Review: Don DeLillo's Zero K
It’s not just that death is literature’s great subject. It’s that literature itself works as a stand-in for death. Here’s Everett, in Libra, again: “A plot in fiction, he believed, is the way we localize the force of the death outside the book, play it off, contain it.” As much as stories may be marked by their grandeur and and magnitude, their potential to be about anything and everything, they are just as marked by their finitude, by what Jane Austen called “the tell-tale compression of the pages,” by that harrowing inevitability of an end. Meditation is sometimes described as the practice of death, and the same can be said of writing, and reading, fiction. And especially Don DeLillo’s fiction.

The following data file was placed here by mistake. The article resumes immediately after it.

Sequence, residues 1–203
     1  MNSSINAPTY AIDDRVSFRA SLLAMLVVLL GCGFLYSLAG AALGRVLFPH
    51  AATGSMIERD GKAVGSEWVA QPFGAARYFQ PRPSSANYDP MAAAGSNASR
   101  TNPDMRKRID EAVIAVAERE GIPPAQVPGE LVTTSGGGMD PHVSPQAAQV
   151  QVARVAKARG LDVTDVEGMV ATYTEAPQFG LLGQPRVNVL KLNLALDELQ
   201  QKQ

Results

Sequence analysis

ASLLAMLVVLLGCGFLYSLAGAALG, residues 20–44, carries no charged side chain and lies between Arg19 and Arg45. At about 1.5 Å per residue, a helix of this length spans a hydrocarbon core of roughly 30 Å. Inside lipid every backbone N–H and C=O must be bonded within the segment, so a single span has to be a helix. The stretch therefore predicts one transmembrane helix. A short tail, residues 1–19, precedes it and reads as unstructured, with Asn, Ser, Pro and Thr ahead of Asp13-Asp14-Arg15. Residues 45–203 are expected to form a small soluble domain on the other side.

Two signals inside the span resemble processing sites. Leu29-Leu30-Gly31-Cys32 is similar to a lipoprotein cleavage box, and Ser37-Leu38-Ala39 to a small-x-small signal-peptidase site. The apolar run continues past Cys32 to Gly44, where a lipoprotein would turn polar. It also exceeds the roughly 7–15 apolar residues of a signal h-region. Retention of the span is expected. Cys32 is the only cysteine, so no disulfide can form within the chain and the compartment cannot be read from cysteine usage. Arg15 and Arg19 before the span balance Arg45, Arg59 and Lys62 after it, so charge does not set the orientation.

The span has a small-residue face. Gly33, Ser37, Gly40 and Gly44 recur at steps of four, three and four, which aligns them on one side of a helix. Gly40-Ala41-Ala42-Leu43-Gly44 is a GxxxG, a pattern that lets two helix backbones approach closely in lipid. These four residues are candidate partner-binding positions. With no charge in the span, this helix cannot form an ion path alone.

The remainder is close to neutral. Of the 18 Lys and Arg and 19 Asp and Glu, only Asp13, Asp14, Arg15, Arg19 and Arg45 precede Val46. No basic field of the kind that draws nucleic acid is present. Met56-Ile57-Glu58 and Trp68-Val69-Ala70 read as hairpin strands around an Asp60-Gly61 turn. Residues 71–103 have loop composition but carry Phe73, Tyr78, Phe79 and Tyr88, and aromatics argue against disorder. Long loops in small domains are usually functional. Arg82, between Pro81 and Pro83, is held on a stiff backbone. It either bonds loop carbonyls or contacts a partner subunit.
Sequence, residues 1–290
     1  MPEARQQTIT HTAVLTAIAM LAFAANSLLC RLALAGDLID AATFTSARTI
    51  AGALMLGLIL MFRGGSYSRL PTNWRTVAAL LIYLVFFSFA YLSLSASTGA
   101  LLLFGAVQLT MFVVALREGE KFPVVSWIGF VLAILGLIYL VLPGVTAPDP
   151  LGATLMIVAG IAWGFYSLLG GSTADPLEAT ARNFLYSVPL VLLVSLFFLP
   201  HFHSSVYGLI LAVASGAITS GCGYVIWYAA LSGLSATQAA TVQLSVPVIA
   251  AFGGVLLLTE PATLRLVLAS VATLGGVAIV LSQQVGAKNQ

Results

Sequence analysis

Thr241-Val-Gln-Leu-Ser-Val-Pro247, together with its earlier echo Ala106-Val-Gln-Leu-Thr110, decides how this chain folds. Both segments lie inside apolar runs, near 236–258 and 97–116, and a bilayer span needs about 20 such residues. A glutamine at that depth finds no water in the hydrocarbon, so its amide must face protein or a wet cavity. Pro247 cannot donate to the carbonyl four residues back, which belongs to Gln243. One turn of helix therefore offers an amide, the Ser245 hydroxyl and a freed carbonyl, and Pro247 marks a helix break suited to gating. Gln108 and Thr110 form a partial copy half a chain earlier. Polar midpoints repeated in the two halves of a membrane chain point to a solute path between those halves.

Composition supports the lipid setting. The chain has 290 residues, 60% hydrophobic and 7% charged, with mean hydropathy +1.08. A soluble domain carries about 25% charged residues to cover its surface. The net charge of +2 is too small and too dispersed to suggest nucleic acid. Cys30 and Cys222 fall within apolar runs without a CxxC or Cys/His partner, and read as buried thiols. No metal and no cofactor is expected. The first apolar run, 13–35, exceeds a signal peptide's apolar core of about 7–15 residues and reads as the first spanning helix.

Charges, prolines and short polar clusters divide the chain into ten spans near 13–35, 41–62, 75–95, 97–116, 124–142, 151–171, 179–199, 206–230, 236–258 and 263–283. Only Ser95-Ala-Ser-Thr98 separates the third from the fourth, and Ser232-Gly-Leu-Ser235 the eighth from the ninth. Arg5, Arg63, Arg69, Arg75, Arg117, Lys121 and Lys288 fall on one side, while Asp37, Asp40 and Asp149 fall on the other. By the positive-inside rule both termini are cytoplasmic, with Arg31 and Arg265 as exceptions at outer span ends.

Special to The Globe and Mail